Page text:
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Prologue: Goodbye, Sailor Girl
My last memory of my daddy was watching him walk out to his helicopter at the Norfolk Naval Base, where his student pilots waited respectfully at attention, their helmets under their arms.
They saluted him, and he saluted back. Then he turned to smile at me the way he always did whenever Mommy brought me to see him take off in a helicopter. He and I called it putting sunshine in our faces. In the years to follow, that smile would fade slowly like an old photograph until my imagination did more for it than my memory.
His face would always brighten with a fresh, happy surprise when he looked back at me standing beside Mommy. The specks of hazel in his otherwise light blue eyes would become more prominent. He used to call me Sailor Girl, and we would salute each other with only two fingers. He did it one last time that day. I responded with my salute, and then he turned back to his men.
My eyes drifted to a sea gull that looked lost, confused, even a bit frantic. It did a quick turn and dipped before shooting off toward the ocean as if it had seen something that had terrified it. I watched it until the sounds of the helicopter motors ripped the air and pulled my attention back to Daddy.
I stepped closer to Mommy. Something dark had already put its cold fingers on the back of my neck. My heart sank, and my stomach felt queasy. I had to feel Mommy beside me. Even at fifteen, I needed to be within the walls of her security. She and Daddy were my fortress. Nothing could harm me when I was with them.
"How he stands that noise is beyond me," Mommy said, but she looked so proud and so beautiful with her shoulder-length apricot brown hairdancing about her chin and cheeks. She was five feet ten and always stood with an air of confidence, regal. Anyone who glanced her way stared at her for a few moments longer as if he or she were hypnotized by her beauty.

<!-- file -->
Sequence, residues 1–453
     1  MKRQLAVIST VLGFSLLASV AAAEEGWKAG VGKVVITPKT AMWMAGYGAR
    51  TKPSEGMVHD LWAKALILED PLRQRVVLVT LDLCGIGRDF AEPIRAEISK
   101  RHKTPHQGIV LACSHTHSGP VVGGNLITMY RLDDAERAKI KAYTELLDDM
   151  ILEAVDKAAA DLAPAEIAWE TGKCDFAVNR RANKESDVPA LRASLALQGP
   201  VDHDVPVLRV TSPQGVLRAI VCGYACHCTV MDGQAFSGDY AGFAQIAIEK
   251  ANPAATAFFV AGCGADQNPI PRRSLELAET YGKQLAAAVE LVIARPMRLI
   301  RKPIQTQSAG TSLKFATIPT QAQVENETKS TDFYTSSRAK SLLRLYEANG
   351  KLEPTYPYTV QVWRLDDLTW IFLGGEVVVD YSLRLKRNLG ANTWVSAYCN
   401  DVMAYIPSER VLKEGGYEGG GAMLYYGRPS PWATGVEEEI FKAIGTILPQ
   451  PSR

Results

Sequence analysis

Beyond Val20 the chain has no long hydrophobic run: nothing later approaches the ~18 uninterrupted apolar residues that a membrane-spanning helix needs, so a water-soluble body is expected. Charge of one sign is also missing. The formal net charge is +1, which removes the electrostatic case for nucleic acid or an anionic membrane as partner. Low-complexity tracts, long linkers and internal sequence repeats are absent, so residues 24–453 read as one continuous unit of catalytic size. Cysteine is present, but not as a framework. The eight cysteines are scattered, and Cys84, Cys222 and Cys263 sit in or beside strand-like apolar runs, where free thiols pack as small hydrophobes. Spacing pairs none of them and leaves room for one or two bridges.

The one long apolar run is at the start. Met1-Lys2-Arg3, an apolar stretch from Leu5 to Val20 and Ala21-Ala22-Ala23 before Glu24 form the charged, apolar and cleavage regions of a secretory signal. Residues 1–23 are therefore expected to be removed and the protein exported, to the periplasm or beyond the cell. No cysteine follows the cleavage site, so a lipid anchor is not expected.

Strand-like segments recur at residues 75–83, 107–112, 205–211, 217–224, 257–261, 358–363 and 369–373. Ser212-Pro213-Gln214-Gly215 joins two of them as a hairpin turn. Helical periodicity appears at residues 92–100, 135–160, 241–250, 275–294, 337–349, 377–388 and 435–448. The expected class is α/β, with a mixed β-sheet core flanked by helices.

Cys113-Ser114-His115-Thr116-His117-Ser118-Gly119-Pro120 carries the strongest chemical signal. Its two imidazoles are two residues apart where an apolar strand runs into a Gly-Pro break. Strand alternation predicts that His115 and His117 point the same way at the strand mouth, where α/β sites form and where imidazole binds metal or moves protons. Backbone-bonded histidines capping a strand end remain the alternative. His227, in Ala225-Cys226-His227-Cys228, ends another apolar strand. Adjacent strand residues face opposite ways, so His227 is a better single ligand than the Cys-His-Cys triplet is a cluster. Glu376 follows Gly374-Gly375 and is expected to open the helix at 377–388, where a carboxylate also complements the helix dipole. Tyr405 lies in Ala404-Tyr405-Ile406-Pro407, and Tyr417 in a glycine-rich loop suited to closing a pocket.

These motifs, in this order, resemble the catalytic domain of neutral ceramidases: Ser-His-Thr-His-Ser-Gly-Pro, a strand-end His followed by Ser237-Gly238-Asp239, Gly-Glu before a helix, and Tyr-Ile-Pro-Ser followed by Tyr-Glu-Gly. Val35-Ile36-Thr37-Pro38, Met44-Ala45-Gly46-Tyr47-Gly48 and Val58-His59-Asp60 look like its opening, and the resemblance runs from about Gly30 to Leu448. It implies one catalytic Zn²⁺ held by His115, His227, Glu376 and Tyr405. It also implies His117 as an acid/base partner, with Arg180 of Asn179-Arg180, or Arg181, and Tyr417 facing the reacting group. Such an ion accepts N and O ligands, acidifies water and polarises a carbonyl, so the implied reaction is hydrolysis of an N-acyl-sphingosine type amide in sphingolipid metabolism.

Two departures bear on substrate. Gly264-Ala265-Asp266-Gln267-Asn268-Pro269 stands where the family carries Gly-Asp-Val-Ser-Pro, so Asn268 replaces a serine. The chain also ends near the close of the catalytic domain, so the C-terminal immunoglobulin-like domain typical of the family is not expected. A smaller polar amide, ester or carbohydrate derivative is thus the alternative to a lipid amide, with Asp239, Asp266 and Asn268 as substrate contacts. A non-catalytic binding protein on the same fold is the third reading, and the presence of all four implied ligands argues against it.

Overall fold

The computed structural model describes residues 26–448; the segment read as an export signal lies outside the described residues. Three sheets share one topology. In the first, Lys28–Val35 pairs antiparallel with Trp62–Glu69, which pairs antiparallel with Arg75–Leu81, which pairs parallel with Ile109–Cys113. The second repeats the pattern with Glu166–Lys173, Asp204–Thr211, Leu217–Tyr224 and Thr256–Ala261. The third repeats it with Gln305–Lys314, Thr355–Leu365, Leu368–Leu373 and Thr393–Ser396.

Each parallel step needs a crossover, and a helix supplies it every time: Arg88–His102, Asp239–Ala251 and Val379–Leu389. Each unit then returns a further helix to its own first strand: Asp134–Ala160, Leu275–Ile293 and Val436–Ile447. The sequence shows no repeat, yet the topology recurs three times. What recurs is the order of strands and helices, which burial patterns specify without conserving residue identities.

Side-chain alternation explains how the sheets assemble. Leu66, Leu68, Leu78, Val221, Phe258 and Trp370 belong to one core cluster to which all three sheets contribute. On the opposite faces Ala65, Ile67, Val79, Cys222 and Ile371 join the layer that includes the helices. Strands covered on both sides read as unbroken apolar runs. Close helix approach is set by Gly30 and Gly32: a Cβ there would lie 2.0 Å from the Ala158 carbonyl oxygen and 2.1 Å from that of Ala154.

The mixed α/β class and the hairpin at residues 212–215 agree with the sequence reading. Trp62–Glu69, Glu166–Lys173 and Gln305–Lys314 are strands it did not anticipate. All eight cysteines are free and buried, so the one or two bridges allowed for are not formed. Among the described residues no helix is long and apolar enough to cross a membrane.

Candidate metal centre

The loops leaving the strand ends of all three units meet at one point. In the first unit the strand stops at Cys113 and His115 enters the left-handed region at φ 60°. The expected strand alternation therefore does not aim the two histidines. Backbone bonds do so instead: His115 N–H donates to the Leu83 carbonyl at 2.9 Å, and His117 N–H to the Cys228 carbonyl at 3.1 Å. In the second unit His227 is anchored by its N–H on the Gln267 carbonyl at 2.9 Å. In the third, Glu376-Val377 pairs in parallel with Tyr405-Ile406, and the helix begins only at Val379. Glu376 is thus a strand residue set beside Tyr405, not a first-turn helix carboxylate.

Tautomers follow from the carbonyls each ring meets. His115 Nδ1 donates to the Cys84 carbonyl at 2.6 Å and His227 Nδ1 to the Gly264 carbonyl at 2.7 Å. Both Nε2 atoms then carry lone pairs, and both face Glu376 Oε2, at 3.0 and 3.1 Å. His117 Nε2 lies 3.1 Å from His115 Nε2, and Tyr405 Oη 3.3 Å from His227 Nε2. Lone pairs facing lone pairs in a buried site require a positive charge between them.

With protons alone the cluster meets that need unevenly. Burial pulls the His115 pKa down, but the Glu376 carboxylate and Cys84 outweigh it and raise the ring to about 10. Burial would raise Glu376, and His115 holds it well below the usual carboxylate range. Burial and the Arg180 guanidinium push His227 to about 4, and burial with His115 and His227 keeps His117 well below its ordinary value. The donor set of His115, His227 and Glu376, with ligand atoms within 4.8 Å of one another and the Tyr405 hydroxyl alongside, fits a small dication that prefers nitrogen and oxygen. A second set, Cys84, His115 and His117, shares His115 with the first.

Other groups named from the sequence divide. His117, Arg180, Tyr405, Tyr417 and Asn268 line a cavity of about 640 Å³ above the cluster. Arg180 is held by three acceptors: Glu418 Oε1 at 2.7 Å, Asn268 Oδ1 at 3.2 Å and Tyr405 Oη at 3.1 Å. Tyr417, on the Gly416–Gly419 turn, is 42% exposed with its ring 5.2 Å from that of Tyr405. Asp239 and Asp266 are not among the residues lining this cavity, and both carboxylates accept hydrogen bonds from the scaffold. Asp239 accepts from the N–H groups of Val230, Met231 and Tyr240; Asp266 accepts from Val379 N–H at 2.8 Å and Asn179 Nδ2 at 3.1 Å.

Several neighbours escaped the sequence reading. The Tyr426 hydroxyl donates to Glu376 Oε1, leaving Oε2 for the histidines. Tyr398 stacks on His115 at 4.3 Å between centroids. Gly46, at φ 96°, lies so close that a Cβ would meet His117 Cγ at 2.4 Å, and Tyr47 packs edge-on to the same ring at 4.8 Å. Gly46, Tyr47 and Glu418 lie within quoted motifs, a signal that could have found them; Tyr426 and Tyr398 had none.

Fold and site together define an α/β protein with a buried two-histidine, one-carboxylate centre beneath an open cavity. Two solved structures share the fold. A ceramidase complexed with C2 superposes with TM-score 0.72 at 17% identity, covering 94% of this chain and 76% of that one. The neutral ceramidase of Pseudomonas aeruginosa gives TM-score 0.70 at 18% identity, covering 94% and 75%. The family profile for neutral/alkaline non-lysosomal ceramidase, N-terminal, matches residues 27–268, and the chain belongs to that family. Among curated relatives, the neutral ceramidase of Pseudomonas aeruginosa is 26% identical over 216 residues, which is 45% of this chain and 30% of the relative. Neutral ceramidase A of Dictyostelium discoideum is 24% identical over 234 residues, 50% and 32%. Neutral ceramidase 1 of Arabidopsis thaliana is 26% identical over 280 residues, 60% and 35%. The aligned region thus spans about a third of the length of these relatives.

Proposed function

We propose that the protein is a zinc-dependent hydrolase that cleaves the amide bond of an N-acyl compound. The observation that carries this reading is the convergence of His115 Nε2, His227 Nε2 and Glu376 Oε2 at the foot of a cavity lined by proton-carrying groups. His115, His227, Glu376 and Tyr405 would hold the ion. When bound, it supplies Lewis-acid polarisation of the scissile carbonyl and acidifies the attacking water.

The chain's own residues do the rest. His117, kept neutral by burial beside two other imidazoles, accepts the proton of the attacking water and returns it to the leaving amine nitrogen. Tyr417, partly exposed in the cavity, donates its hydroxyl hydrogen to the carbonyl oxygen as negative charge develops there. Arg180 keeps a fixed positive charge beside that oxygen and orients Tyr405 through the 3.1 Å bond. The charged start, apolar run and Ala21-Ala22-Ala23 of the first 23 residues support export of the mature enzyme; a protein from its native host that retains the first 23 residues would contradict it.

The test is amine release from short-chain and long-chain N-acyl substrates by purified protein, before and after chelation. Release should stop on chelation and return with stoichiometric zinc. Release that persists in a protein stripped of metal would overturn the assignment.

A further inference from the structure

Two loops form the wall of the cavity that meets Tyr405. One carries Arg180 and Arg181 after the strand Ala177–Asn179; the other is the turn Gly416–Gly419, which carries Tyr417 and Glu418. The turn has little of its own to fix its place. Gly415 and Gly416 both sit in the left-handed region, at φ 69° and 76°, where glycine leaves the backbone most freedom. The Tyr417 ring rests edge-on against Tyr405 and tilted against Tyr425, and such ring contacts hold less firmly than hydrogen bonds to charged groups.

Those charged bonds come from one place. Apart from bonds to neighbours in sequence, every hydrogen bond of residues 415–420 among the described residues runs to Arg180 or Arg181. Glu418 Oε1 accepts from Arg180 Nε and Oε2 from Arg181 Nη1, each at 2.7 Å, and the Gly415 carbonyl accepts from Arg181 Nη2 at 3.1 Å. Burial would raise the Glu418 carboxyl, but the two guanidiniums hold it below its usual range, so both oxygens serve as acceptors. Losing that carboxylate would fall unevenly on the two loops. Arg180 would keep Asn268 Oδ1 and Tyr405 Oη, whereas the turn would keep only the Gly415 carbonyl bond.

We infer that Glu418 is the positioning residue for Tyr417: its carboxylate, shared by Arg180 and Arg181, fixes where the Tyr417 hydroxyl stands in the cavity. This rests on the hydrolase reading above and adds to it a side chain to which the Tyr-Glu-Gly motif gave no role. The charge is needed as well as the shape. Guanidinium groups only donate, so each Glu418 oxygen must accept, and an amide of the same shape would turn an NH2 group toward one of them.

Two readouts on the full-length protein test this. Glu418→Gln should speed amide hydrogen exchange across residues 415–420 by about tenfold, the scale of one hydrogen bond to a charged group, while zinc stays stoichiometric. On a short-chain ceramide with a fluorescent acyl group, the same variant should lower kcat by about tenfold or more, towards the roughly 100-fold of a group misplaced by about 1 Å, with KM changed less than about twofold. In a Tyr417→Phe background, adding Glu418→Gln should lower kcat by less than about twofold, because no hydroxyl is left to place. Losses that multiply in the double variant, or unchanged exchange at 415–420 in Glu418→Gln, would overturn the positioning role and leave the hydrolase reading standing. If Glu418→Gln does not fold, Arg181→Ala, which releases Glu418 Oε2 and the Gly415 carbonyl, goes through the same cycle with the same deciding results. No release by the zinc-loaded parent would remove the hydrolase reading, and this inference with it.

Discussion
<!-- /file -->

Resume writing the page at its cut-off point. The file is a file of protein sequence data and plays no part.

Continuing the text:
Mommy's eyes were almost navy blue, which Daddy said proved she belonged with him, a navy man. She was as loyal to him as he was to the flag, her devotion and her admiration for him unflappable. My eyes were more turquoise, but I wished they were more like Mommy's so Daddy would think I, too, was meant to be always at his side.
"C'mon, Grace," she said. "I have errands to run, and you have studying to do and a guest for dinner."
She nudged me, and I followed along reluctantly. Something was telling me to stay as long as I could. I looked back only once as the helicopters lifted. I didn't see Daddy, and that disappointed me. They whirled off toward the ocean, following the sea gull.
A cloud blocked out the sun, and a long shadow fell around us as we continued toward our car.
I would remember that.
I would remember it all for a very long time.
And then, like the sea gull, it would all disappear into the distance and leave me standing alone, yearning for just one more smile, one more salute.
Copyright © 2003 by the Vanda General Partnership